after Pompeo Battoni.
A Bust of the Virgin ; after Carlo Dolci.
St. Margaret of Cortona kneeling before a Crucifix;
after Pietro da Cortona.

ROSSI, AGNOLO, a Genoese painter, born in
1694. He was a priest, and the best-known pupil
of Domenico Parodi. In style he was a disciple
of Maratti, but he also treated humorous subjects
with success. He died in 1755.

ROSSI, ANIELLO, painter, born at Naples about
1660. He was one of the favourite scholars of
Luca Giordano, and, with Matteo Pacelli, accom-
panied his master to Spain, and remained with
him as his assistant during his long sojourn at
the court of Charles II. and Philip V. His services
were rewarded by a handsome pension, and return-
ing to Italy with his master in 1702, he settled at
Venice, where he lived in ease and independence
till his death in 1719.

ROSSI, ANTONIO, born at Bologna in 1697 (1700),
was educated in the school of Cavaliere Marc An-
tonio Franceschini, of whom he was a favourite
disciple, and who recommended him, in preference
to his other pupils, to execute the commissions he
himself was incapable of undertaking. Of the
numerous pictures he painted for the public edifices
at Bologna, his ' Martyrdom of S. Andrea,' in the
church of S. Domenico, is perhaps the best. He
was much employed in painting figures in the archi-
tectural views of Orlandi and F. Brizzi. He died
in 1750 or 1753.


ROSSI, CARLANTONIO, a Milanese painter, born
about 1581. He painted a 'San Siro' for the
cathedral of Pavia, in the manner of the Procac-
cini, and is said to have been the master of Carlo
Sacchi. He died in 1648.

ROSSI, ENEA, a Bolognese painter of the 17th
century, mentioned by Malvasia as a pupil of the
Carracci, and an artist of some merit. He painted
numerous works for the churches of Bologna and
its neighbourhood.




of II illiain Rosselti, Esq.


whom is attributed a set of perspective views of
Rome, published in 1640.

ROSSI, GIOVANNI BATTISTA, painter, a native of
Rovigo, born about 1627. He was a pupil of Dario
Varotari, and practised for a time at Padua, where
he painted a picture for the church of San Clemente.
He settled later at Venice, where he was still
living in 1680.

(the little hunchback,) a Veronese painter of the
17th century. He was one of the best known of
the disciples of Alessandro Turchi, and practised
with credit for many years at Verona.

born at Rome about the year 1630, was brought
up at Bologna, under Simone Cantarini. His
instinct led him more to engraving than painting,
and he has left several plates after Bolognese
painters, which possess considerable merit ; among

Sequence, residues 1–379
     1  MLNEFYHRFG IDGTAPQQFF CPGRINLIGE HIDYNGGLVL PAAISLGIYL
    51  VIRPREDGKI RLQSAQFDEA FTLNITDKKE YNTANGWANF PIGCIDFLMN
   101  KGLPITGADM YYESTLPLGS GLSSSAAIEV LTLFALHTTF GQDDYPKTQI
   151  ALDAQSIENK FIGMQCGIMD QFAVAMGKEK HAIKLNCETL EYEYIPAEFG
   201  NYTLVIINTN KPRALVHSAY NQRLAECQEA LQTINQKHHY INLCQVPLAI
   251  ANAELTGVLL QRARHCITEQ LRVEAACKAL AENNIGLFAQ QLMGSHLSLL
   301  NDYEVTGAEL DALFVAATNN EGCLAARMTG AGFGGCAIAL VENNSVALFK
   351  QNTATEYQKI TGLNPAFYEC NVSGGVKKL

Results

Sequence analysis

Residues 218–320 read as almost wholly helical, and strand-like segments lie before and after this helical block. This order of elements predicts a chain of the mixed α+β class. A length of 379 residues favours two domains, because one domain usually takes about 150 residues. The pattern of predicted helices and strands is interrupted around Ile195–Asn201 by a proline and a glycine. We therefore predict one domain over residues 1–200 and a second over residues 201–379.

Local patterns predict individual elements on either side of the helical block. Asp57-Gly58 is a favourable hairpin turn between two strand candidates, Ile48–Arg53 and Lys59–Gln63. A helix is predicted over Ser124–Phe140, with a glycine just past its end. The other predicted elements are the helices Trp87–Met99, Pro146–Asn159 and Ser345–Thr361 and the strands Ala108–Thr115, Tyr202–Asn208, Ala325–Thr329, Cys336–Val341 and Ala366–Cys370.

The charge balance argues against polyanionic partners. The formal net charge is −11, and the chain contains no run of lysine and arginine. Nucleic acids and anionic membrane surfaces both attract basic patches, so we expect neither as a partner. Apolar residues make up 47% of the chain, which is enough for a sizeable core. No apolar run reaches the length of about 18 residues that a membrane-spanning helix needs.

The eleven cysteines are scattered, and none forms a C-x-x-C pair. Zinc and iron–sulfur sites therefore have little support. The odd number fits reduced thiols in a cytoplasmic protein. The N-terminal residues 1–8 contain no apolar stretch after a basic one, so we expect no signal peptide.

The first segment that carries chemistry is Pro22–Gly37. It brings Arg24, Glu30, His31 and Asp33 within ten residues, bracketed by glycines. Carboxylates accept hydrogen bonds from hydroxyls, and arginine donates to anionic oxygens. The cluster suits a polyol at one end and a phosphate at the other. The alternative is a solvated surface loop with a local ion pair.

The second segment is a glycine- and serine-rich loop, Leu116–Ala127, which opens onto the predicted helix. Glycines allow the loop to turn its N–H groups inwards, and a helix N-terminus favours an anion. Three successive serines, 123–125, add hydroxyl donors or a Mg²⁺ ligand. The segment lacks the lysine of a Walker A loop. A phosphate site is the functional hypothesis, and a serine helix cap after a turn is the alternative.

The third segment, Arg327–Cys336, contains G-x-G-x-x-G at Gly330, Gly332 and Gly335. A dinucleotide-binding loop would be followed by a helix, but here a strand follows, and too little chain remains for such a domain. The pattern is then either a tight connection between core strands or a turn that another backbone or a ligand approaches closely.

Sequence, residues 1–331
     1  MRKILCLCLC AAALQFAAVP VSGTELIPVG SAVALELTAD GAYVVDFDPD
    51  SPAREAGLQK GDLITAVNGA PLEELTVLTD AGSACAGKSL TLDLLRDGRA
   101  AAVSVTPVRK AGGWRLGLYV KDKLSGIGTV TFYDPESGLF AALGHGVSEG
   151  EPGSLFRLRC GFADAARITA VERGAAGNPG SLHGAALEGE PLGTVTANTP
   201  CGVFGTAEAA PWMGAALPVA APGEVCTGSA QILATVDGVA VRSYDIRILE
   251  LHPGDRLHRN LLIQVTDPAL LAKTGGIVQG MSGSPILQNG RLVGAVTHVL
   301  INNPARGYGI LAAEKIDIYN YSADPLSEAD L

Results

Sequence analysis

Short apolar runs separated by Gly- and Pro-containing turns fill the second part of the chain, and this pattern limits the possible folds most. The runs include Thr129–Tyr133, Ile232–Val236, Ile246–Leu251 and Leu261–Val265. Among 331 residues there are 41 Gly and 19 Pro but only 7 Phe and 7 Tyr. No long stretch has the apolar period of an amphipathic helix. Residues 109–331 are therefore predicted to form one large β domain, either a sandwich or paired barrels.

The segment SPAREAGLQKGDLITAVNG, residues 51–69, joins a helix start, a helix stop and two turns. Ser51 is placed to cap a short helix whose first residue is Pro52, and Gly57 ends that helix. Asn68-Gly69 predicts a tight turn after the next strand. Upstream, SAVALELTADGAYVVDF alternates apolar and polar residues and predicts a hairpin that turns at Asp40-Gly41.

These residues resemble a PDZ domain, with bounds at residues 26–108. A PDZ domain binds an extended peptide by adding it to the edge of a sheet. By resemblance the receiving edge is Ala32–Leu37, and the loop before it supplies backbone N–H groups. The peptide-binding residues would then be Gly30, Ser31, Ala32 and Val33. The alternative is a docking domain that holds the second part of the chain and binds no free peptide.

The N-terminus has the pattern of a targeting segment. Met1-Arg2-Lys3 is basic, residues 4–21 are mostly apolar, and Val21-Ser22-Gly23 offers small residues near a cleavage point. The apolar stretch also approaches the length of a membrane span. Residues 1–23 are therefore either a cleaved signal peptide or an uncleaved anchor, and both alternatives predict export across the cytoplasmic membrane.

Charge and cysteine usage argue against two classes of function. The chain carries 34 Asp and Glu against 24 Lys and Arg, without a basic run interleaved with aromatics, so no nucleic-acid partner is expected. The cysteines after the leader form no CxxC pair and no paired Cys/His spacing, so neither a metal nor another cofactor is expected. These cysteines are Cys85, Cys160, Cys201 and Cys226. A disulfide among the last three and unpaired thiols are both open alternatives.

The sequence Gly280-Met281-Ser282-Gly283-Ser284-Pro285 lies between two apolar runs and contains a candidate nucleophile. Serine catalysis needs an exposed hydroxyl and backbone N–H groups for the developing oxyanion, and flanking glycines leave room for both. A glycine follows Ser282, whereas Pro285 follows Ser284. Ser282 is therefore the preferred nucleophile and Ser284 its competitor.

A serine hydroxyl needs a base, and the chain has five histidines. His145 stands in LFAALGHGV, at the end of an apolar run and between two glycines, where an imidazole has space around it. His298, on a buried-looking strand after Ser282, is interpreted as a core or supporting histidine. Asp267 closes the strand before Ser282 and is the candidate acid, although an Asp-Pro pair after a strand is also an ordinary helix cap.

them are the following :

The Portrait of Pope Pius V. ; after Sctpione Gaetano.

Two Cupids playing ; after Guercino.

The Virgin and Child, with St. Jerome and St. Francis ;

after Lodovico Cm-ram, inscribed, Hieronimus de

Rubeis pictor, delineavit, incidit.
S. Carlo Borromeo kneeling before a Crucifix ; after

An. Carracci.

A half-length figure of the Virgin.
St. John the Baptist ; after Ghuido.
Two Children ; after the same.

eon of Girolamo Rossi, was born at Rome about the
year 1680, and chiefly resided in bis native city,
where he engraved a variety of plates after the
Italian painters. He also executed several portraits
of the cardinals of his time, for a series which was
afterwards continued by Pazzi and others. They
are feebly engraved. We have also by him the
following prints :

The Virgin and Infant Jesus ; after Carregyio.
The Martyrdom of St. Agapita ; after Gio. Odazzi.

Nagler gives a list of twenty-one prints by the
younger Rossi, among which he enumerates those
of Pope Pius V., and of S. Carlo Borromeo kneel-
ing, attributed above to his father. According to
Zani, he was at work as late as 1749, but none of
the dates quoted by Nagler come near to that

ROSSI, GIUSEPPE, engraver and draughtsman.
He practised at Florence in the first half of the
19th century, and his drawings and engravings,
particularly some of the ' Campo Santo ' at Pisa,
show considerable talent, but his promise was cut
short by his death in 1848, while still a young man.

ROSSI, LORENZO, an Italian painter of the Floren-
tine school, a pupil of Pier Dandini. He imitated
the manner of the Flemish artist, Lieven Menus,
and painted small pictures of much delicacy and
elegance. He died in 1702.

ROSSI, LORETTO D'UGOLINO, painter. Of this
artist nothing is known, but a ' Crucifixion ' at
Berlin bears the following inscription : " Questa
tavola sefatte fare per Loretto d'Ugolino de Rossi
la quale a fatteta fare beltrame distoldo de Rossi,

ROSSI, Muzio, painter, was born at Naples in
1626, and was for some time the disciple of Massimo
Stanzioni. From the school of that master he went
to Bologna, where he frequented the academy of
Guide, and at the age of eighteen was sufficiently